Maine Coyote Control Report



MDIFW: Preliminary Figures Released on 2011 Wildlife-Related Activities in Maine

Forty-nine percent of all Maine residents 16 years of age and older hunted, fished or watched wildlife in 2011 and a total of $1.4 billion were spent in the state on those activities, according to a preliminary report by the U.S. Fish and Wildlife Service.

The National Survey of Fishing, Hunting and Wildlife-Associated Recreation, which is compiled every five years, looks at participation in and expenditures for hunting, fishing and wildlife watching by state, region and nation.

The preliminary survey also found that 1.1 million residents and nonresidents did some sort of wildlife-associated activity in Maine, including 838,000 wildlife watchers, 341,000 anglers and 181,000 hunters.

A total of $799 million were spent on wildlife watching in Maine, including $514 million in trip-related expenses and $172 million on equipment.

When it came to fishing and hunting, $644 million were spent in Maine, with $317 million going towards trips and $267 million being spent on equipment.

Residents and nonresidents spent a combined 7.3 million days watching wildlife away from their home, 3.9 million days fishing and 2.5 million days hunting in Maine.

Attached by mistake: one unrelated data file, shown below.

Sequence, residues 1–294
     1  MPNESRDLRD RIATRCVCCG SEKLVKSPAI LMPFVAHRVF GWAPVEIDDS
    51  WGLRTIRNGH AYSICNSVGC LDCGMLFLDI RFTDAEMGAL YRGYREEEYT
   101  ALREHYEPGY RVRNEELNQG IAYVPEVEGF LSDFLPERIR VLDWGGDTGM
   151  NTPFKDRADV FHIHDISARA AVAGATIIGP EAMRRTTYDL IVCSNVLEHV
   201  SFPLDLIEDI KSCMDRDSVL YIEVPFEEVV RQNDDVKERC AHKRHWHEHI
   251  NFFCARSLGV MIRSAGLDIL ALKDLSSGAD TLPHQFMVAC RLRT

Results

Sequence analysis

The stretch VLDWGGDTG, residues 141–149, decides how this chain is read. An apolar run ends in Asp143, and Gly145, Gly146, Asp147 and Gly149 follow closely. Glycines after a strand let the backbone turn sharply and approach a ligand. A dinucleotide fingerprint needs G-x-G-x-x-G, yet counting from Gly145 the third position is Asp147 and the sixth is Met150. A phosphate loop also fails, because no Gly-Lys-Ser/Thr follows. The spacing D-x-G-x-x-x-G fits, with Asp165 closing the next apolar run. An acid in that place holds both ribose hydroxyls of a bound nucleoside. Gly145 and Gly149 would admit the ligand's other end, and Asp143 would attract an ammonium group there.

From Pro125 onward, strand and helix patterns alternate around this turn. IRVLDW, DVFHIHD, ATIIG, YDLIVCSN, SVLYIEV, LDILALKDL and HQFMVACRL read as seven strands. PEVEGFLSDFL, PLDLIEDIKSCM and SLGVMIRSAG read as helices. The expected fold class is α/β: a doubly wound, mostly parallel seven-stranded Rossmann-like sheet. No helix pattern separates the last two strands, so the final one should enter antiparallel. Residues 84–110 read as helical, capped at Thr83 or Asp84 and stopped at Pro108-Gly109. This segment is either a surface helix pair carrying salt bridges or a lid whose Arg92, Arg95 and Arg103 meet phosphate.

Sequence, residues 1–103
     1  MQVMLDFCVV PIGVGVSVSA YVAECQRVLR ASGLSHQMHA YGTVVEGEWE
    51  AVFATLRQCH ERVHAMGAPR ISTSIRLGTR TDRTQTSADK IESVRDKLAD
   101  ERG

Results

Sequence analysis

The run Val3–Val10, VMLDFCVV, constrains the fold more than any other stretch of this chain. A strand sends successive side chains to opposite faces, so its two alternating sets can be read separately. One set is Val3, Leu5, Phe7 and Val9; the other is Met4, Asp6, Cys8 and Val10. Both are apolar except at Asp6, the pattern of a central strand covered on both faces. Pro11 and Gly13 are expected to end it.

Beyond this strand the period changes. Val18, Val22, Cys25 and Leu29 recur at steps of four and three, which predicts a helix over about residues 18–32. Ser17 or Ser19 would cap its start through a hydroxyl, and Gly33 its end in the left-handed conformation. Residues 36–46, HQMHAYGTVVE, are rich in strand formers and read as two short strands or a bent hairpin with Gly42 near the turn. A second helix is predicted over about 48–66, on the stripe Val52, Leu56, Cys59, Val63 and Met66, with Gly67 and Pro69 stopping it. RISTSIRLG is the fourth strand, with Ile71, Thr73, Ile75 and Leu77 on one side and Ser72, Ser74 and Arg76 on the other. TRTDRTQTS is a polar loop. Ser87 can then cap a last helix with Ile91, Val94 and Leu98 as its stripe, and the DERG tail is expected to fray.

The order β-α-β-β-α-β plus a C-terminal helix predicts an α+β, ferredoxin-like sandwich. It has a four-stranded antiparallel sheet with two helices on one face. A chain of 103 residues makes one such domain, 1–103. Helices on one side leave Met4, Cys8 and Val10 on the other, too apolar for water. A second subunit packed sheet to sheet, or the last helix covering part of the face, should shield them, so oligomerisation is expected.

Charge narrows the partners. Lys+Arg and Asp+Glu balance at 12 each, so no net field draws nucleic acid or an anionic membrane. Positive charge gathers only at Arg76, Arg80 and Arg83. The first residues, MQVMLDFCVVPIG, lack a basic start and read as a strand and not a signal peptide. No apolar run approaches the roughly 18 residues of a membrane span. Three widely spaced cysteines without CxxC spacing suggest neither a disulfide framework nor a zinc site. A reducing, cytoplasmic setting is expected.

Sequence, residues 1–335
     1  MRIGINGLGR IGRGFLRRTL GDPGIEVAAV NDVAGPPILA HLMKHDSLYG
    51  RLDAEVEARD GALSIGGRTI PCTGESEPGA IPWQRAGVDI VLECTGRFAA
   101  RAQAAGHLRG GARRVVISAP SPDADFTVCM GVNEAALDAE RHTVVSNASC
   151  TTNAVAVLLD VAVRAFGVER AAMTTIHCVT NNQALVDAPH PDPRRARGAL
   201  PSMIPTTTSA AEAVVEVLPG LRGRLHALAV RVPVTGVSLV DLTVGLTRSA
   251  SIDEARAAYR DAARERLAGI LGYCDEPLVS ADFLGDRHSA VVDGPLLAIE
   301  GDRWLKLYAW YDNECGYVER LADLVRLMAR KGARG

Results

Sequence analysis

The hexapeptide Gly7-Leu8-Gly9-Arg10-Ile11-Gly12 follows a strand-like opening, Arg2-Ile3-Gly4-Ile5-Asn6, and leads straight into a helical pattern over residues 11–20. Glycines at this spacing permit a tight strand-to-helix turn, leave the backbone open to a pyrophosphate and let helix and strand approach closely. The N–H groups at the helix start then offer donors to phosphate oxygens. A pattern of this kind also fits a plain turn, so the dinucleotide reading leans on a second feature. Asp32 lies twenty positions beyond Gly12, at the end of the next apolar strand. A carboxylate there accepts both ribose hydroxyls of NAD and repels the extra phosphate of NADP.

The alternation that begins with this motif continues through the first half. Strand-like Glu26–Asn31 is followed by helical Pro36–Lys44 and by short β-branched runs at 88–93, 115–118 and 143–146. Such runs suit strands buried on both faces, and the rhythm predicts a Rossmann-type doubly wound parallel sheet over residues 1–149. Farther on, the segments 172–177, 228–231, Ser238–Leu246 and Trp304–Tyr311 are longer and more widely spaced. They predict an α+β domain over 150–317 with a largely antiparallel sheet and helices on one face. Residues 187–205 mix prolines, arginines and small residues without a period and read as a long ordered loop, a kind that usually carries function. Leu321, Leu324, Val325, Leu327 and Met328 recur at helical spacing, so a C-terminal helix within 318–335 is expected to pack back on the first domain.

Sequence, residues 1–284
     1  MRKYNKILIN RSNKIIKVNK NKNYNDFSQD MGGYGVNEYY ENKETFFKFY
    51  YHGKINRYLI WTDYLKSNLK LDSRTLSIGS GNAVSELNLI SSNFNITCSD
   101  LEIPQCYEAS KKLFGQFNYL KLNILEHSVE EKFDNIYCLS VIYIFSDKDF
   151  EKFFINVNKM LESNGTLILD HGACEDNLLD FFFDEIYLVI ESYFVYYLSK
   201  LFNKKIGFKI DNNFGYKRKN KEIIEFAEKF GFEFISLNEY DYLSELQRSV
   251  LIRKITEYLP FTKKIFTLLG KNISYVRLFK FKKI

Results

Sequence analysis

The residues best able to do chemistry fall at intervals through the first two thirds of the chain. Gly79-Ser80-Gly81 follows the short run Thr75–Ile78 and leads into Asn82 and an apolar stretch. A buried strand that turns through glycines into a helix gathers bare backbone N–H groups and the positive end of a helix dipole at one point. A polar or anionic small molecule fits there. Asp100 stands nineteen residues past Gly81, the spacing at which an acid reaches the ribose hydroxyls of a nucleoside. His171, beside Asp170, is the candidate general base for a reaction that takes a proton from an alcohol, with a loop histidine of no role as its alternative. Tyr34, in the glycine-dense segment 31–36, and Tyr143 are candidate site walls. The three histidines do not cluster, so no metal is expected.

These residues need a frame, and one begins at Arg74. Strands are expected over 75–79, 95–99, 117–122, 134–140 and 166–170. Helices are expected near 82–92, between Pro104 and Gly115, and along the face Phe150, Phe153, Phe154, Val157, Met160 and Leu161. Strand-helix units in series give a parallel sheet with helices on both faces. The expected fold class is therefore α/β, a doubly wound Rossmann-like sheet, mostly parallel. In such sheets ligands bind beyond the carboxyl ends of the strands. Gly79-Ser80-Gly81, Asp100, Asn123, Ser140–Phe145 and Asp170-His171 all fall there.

Nationally, 38 percent of the U.S. population enjoyed some form of wildlife associated activity in 2011, spending a combined $145 billion on the activities.

The number of people who fished increased by 11 percent nationally between 2006 and 2011, while hunting participation increased by 9 percent during that time.

The U.S. Fish and Wildlife Service started releasing the survey in 1955, making this the 12th version of it.

The final national report for 2011 will be available in November and final state reports will be released in December.


New Report Shows Hunter Participation Increasing

MISSOULA, Mont. – ?A new report that shows more people are hunting is good news for conservation, according to the Rocky Mountain Elk Foundation.

The just-released 2011 National Survey of Hunting, Fishing, and Wildlife-Associated Recreation shows 13.7 million people, or 6 percent of the U.S. population age 16 and older, went hunting last year. That marks a 9 percent increase over 2006, reversing a previous downward trend.

?”This is great news for everyone in the hunting and conservation community,”? said David Allen, RMEF president and CEO. ?”But it?s even better news for our conservation efforts to protect and improve habitat for elk and other wildlife. We strongly believe that hunting is conservation. This is also a reflection of the importance of our hunting legacy of the past and our hunting heritage as we look to the future.”?

Thanks to hunter-generated dollars, RMEF protected or enhanced more than 6.1 million acres of wildlife habitat. RMEF also recently added ?hunting heritage? to its mission statement, reaffirming a commitment to ensuring a future for wildlife conservation through hunter-based support.